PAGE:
Green Building Goes to the Airport

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It seems to me that airports are thought of mostly as in-between places.  Those who don’t work there go to the airport merely as a means to an end, to get from one city to another, or to meet someone who is.  Time spent there is mostly about waiting, which perhaps makes us forget something important.

Airports are on all of the time.

They have massive, around the clock requirements for light, ventilation, heat, and the power demanded to keep all of the technology moving, from air traffic control instruments to the hand dryers in the restrooms.  Airports are major drawers of power, and on a scale that is pretty large comparative to many other buildings, or series of buildings.

logan-airport

As recent studies on airport energy efficiency have revealed, looking at how airports are managed with respect to power requirements and efficient usage alone is a significant area of interest. But, there are many examples of airports that have become models for green technologies.

An airport that is looking into the implementation of green technology is Witchita Airport, which has begun to consider green building and alternate energy solutions in order to cut energy costs.  Because of the winds in the area, incorporated wind turbines is yet another example of design being true to the natural environment, utilizing a natural occurrence to produce energy.  Both solar panels and wind turbines have been discussed as a means of cutting down on inefficient energy use and the ballooning costs associated with it.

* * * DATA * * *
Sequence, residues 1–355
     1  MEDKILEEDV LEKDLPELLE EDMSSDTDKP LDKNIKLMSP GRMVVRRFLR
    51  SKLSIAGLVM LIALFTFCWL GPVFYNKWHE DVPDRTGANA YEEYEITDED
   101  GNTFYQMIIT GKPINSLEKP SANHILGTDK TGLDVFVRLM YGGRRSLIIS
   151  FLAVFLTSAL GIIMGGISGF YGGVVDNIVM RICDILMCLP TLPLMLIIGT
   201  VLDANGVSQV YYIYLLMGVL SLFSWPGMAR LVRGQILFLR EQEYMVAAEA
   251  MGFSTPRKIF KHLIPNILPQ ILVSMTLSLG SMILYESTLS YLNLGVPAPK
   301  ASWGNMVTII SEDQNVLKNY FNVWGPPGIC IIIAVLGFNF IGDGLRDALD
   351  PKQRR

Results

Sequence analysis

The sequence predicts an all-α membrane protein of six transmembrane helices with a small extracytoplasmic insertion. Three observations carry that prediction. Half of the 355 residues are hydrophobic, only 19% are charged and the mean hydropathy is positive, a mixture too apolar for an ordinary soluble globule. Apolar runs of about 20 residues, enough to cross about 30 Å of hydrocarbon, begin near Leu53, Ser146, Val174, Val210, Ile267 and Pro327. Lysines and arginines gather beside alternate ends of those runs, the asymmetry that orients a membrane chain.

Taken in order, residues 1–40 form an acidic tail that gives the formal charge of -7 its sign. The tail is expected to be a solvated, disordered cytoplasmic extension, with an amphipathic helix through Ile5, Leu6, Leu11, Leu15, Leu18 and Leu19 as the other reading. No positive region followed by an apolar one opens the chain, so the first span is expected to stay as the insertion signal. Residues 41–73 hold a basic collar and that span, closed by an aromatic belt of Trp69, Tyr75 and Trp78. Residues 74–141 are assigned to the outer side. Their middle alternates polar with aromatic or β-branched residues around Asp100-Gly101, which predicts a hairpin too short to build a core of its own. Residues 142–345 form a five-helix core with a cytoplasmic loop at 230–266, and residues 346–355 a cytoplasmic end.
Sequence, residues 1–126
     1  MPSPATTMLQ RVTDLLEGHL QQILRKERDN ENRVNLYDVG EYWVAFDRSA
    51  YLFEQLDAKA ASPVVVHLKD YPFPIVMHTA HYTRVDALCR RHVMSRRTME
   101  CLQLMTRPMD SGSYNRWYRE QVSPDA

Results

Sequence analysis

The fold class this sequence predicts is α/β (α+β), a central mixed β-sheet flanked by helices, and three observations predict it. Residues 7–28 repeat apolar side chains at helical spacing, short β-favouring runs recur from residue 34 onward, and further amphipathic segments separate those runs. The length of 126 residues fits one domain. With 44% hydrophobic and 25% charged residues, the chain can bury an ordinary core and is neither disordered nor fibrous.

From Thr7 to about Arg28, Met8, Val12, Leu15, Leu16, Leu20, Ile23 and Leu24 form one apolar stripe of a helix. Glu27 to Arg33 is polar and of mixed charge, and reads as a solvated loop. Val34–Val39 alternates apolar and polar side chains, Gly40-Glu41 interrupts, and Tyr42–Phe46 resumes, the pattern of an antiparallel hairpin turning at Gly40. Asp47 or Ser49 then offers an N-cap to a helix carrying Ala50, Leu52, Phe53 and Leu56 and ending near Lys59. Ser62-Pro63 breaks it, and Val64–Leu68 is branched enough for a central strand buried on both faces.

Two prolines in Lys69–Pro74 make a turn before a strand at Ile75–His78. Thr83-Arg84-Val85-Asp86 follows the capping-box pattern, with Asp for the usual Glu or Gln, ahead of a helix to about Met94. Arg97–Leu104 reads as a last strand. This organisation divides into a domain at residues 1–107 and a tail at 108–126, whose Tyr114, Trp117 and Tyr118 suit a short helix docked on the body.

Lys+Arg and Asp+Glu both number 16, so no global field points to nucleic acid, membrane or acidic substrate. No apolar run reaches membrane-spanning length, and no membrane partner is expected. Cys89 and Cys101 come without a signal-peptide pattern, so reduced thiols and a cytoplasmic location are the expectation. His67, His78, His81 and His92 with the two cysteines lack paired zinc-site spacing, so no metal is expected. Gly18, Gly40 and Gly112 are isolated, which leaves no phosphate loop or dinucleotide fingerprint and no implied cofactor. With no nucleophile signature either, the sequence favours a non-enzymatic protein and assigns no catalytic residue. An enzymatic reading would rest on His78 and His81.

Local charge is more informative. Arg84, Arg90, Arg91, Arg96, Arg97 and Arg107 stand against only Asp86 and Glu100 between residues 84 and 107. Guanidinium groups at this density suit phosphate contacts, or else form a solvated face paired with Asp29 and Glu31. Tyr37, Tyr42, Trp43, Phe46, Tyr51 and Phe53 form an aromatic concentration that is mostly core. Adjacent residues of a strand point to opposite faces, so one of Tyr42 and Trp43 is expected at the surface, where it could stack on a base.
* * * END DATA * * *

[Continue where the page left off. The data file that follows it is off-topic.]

Yet, even outside of the passive design aspect, other airports have embraced green design to create greater energy efficiency and sustainability.  Denver airport is an example, having already implemented solar technology. Logan airport in Boston has been distinguished through the use of green building materials recycled from former buildings on the site, with an agenda of better air quality also in place.

Organizations like the Clean Airport Partnership seek to address the issues of energy efficiency and environmental concerns that are relevant to airports in the United States.   The work that the organization focuses on is documenting areas of improvement to energy efficiency, identifying opportunities of further improvements to lessening carbon footprints of airports, and managing the relationships between implementation and the newest innovations in sustainable technology. The organization has advised airports directly as well as airlines, fuel suppliers, power authorities, and other associated organizations that participate in the daily life of the American airport.

Like many areas in green building, the issues that are faced at the airport are unique, and solutions are continuing to evolve.  Yet, progress is being made that has convinced officials and independent decision-makers to consider green building, sustainable technology, and greater energy efficiency to be both ambitious and attainable at the same time.  And this is not to mention how much will be saved in energy costs to the airports, and (hopefully) to the travelers who use them.

Cheers,

Rob.

Logan Airport image courtesy of Alan Miles

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Rob Jones

Rob served as Editor-In-Chief of BuildDirect Blog: Life At Home from 2007-2016. He is a writer, Dad, content strategist, and music fan.